USA-"Occupy DC" -- American dream lost: Protesters "out of work, out of town, and fed up"
CCTV BEIJING - Like many other protesters that "occupied" Freedom Square in Washington D.C. on Thursday, she's out of work; she's from out of town, and she's fed up.
Freda Miller, 67, joined more than 500 chanting people to kick off what has become Washington, D.C.'s biggest version to date of the Occupy Wall Street protests -- with many of the protesters seemingly willing to sleep overnight for days in sleeping bags, tents and cardboard boxes painted up as foreclosed homes.
"I want to try to get a message to our government that we need to end the wars. That's one way we can save a lot of money. That's causing our big deficit. And we also need to spend a lot more money on social services and on creating jobs right now," said Miller.
When last time Miller took part in a protest, she was living in Portland, Oregon, where she marched against the war in Vietnam in the 1960s.
After losing her secretary job at a Portland-based construction company in 2008, the childless Ms Miller struggled on a monthly income of less than US$300. In order to save money without compromising her lifestyle, she moved to Costa Rica last year.
Miller stood side by side with first-timers and other veteran antiwar and anti-poverty activists, chanting, singing and waving signs that said "Tax the rich." They derided corporate greed, ineffective political leadership and the growing inequity between the rich and poor.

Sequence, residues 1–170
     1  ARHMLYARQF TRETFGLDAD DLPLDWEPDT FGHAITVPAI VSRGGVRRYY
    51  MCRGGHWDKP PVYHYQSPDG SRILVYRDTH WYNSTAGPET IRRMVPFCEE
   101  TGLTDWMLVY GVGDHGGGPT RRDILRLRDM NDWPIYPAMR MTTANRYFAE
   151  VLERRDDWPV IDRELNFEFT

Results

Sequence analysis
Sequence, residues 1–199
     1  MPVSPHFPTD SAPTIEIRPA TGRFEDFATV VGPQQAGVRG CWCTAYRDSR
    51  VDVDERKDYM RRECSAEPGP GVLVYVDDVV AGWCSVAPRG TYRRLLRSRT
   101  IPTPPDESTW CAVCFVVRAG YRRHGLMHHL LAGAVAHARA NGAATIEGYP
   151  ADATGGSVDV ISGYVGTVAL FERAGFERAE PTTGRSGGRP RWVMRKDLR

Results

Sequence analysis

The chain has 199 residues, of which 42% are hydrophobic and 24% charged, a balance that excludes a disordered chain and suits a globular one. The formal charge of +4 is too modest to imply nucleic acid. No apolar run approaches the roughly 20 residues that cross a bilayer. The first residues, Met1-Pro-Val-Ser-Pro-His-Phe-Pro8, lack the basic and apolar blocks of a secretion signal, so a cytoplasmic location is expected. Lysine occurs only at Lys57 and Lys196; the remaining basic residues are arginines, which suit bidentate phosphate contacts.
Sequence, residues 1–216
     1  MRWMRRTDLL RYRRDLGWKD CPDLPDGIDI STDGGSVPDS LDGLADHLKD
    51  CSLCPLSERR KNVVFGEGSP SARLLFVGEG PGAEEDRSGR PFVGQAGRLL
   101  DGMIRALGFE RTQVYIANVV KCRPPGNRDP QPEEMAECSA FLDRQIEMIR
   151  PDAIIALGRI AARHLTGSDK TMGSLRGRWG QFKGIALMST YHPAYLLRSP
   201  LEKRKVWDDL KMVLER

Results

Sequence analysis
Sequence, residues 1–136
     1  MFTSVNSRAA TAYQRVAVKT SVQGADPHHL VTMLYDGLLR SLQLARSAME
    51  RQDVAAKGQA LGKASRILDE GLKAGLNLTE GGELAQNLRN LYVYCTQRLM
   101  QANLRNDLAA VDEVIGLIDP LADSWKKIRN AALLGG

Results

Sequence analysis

"I think the American Dream has sort of disappeared," said Miller, "for so many young people who have taken out huge loans to go to college. And when they graduate, they can't find a job and yet they owe all this money."
After an eight-hour flight to DC for Thursday's events, Miller had to share a room with four other people in a bed-and-breakfast of downtown Washington, which cost her US$25 a night.
Although this trip would cost her more than US$550, half of her monthly social security according to Ms. Miller, she didn't regret coming all the way here.
"If somebody has invited me to go on a vacation trip that costs what this trip will cost me, I would've just said, "no, thanks, I can't afford it," said Miller, "But one affords what is important to them."
Miller mentioned that she had lost faith in the country's political system during the past two years, but when she read about the protest in Wall Street, she felt inspired.
In Web manifesto of Occupy DC, rally organizers spoke of transforming Freedom Plaza into "our Tahrir Square Cairo, our Madison, Wisconsin," where they could "nonviolently" resist the "corporate machine" and ask that America's resources be spent on human needs.
"We hope our government will hear us. Even if the government maybe at first doesn't acknowledge the voice, the important thing is to have the voice there," said Miller.
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